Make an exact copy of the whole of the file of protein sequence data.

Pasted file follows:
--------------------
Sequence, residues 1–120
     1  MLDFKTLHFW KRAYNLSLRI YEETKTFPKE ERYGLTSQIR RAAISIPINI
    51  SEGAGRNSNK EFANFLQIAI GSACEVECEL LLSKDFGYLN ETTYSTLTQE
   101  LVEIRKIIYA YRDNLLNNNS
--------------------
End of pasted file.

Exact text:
Sequence, residues 1–120
     1  MLDFKTLHFW KRAYNLSLRI YEETKTFPKE ERYGLTSQIR RAAISIPINI
    51  SEGAGRNSNK EFANFLQIAI GSACEVECEL LLSKDFGYLN ETTYSTLTQE
   101  LVEIRKIIYA YRDNLLNNNS